Handling Holy Interruptions

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Merry Christmas Eve, Mamas

The shepherds in the fields near Bethlehem were doing what shepherds do, protecting the sheep in their care. On this particular night they were staying out in the fields with them. As far as we know, this night seemed like any other night at work.

A shepherd plays a pipe while caring for his sheep in the Jordan Valley, c. 1920s.
A shepherd plays a pipe while caring for his sheep in the Jordan Valley, c. 1920s. Courtesy Library of Congress.

It is obvious from the shepherds’ reactions that they weren’t expecting an angel of the Lord suddenly to appear or to see the glory of the Lord shining around them or to be the first to hear the best news anyone on earth had ever heard. After those surprises, they even saw a multitude of the heavenly host praising God.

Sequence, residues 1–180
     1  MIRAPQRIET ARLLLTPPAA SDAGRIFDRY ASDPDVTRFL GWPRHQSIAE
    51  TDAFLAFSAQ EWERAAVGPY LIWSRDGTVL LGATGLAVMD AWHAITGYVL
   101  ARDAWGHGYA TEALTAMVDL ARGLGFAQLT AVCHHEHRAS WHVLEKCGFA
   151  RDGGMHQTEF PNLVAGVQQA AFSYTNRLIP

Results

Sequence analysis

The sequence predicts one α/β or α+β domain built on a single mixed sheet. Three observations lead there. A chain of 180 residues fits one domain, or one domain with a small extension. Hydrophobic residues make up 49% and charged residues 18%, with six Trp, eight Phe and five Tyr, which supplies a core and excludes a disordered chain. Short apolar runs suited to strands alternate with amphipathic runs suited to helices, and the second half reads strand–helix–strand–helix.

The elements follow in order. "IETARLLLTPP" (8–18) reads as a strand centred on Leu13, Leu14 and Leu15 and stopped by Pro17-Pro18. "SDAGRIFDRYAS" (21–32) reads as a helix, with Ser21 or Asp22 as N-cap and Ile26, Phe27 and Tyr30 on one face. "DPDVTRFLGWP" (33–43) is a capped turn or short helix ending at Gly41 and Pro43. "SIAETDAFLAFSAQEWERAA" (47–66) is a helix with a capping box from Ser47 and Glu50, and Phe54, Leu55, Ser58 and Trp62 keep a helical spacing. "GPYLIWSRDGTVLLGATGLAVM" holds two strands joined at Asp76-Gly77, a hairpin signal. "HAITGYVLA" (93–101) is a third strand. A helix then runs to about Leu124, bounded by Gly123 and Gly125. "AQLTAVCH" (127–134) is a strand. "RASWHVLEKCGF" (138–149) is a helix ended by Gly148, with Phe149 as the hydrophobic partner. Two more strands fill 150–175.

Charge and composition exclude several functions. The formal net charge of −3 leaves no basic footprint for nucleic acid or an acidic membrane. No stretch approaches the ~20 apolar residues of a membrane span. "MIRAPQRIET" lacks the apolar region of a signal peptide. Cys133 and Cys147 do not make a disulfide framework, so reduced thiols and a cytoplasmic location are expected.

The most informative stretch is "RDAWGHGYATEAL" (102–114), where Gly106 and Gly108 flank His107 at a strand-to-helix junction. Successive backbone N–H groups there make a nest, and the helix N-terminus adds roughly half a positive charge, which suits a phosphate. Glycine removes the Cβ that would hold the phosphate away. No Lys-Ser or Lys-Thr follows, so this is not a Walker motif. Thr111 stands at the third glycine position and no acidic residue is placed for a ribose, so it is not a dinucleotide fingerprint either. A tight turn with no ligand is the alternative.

As we discussed recently, the angel calmed the shepherds’ first reaction to their first holy interruption, which was to be terribly frightened. However, after they learned why they had been interrupted, the shepherds decided to leave their job responsibilities and go see for themselves “this thing that has happened which the Lord has made known to us” (Luke 2:15).

Then, after seeing the Baby in the manger:

The shepherds went back,
glorifying and praising God
for all that they had heard and seen,
just as had been told them.
Luke 2:20

God sends each of us holy interruptions. A key to a peaceful Christian life is learning how to handle those interruptions like those humble shepherds did — the interruptions that are time-consuming, the ones that are terribly frightening, and the ones that bring us great joy.

If your Christmas week has been like mine, it has brought one holy interruption after another—and God has brought wonderful blessings in each one of them.

The Lord’s acts of mercy indeed do not end,
For His compassions do not fail.
They are new every morning;
Great is Your faithfulness.
Lamentations 3:22-23

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